In addition to the great things about Hickatee Cottages I shared in part 1 of this post, there's even more that we loved about being here. They have this great little dipping pool. It was cool, refreshing, and just right for lounging around in. Even though I am bird watching in this photo, I did enjoy this pool daily after our hikes and bike rides.
There are cute stone paths around the property, perfect for watching birds and butterflies from.
The paths did get a bit wet after a heavy rain one night, but they didn't take that long to drain.
There's a pretty creek with lily pads.
And the road right outside the property is great for birdwatching too since it's the perfect wood's edge environment. We spent many an hour here.
The office/restaurant/lounge is well equipped with a bar, sitting area, and library, in addition to outdoor dining. We loved eating meals out on the porch.
As I mentioned in an earlier post, the food here is super tasty and beautiful as well. Kate is a wonderful cook! Continental breakfast (hot breads, butter, jam) and an excellent French press pot of coffee is included in the daily cottage rate, and a HUGE plate of fresh fruit is just an extra $10 BZ ($5 US) and worth every penny. We got two of these every morning. I'm sure we could have split one, but we love fruit! There's also a hot breakfast available for $15 BZ, but we had eaten so many eggs at Mama Noots that we skipped it.
My favorite breakfast was these hot and melt-in-your-mouth English pancakes (similar to French crepes), served with raw sugar and lime. Ian explained that these pancakes were historically made before Lent began to use up all the eggs in the kitchen. Sure enough, a quick glance at Wikipedia under "pancake" says the same.
And here is the other dinner we enjoyed on our last night at Hickatee. (Our first night's dinner is documented in a previous blog post.) It was delicious and healthy to boot. Dessert was more of the yummy local dark chocolate drops and a shot of "Belizean Bailey's" liqueur. We did not leave hungry!
Ian and Kate were great -- helpful, knowledgeable British expats who positively bubble over with enthusiasm for what they do and where they live. They seem to be doing exactly what they were born to do, and we enjoyed all they had to offer and share. From birds, to bats, to butterflies, to howlers, to plants, to spiders, and even to salamanders, there's very little about the natural world that one or both of them don't know. This makes Hickatee such a delight for nature lovers like ourselves, and very hard to leave!
Stay tuned for blog posts on our short trip to Placencia and finally back home to Ambergris Caye.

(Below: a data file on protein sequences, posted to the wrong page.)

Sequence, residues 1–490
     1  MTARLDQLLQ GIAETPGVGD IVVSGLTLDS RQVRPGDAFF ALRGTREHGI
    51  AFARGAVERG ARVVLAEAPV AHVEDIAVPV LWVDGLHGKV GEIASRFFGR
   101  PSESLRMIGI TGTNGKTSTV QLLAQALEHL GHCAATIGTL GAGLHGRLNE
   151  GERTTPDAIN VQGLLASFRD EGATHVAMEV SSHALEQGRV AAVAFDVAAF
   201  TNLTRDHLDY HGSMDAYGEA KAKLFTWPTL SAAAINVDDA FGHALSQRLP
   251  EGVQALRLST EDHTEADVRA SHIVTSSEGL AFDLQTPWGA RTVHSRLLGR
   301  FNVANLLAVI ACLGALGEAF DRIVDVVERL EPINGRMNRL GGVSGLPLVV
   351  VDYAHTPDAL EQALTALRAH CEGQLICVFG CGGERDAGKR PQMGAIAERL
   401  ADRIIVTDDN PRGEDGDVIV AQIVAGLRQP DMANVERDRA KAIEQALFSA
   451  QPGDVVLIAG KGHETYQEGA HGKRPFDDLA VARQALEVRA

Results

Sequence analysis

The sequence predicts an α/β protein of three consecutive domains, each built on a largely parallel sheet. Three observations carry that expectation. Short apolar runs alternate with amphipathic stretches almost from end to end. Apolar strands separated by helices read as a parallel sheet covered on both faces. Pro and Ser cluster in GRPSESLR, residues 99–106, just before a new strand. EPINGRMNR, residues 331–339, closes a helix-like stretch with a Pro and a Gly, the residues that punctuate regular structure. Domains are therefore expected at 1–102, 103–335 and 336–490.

We already introduced you to Hickatee Cottages near Punta Gorda town in a previous post, but we wanted to share more about this gem of a place to stay in southern Belize. There was so much to love here, from the peaceful setting with so many plants, to the resident howler monkey troop, to the lovely, comfortable cottages, to the cooling dipping pool, to the fantastic food, and last but not least, to the helpful and knowledgeable owners, Ian and Kate. I'm sure a lot of folks who stay here spend most of their time venturing out on excursions during the day, but we really enjoyed just hanging out here, watching birds on the grounds or on the road right outside. The natural setting can't be beat, and as you enter the gates you can actually feel your stress slipping away.
Flora and fauna
Here are some of the plants and animals we enjoyed seeing around the grounds. There are great identifying signs for many of the plants. Some we'd seen before in other spots but hadn't known what they were, so it was helpful to put a name with a face, so to speak.
Belize has more different species of butterflies than I've ever seen in one place. and there were numerous specimens flitting around at Hickatee. Many are brightly colored and so striking. It is very hard to get photographs since they often don't want to alight even for a few seconds, but Barry got a couple nice shots.
We're going to have a separate blog entry for most of the birds seen on this trip, but here is one that properly belongs here, as it was nesting right on outside the office/restaurant building. Check out this adorable ochre-bellied flycatcher sitting on her sweet little nest:
The nest was a bit too high up to see inside, but Barry was able to hold his camera up above and shoot down into the nest when she took a break. What a thrill when he uploaded the photo to see two sleeping nestlings!
There are numerous cleared trails in the jungly woods on the Hickatee Cottages property that we yearned to explore, but this being rainy season, we weren't able to check them all out. We did hike as many of them as we could manage without being up to our ankles in water, but a return visit during dry season will be necessary to finish our exploration.
Howler monkeys right overhead!
We saw this troop of five howlers nearly every day, which was very exciting. I mean, come on, how often do you get to live among howler monkeys, for goodness sakes?! One afternoon they were moving from tree to tree right over the Hickatee cottages, stopping to eat leaves on occasion, and we got many great looks at them. Barry got some great photos, so I've included quite a few below since it was so hard to choose the best ones.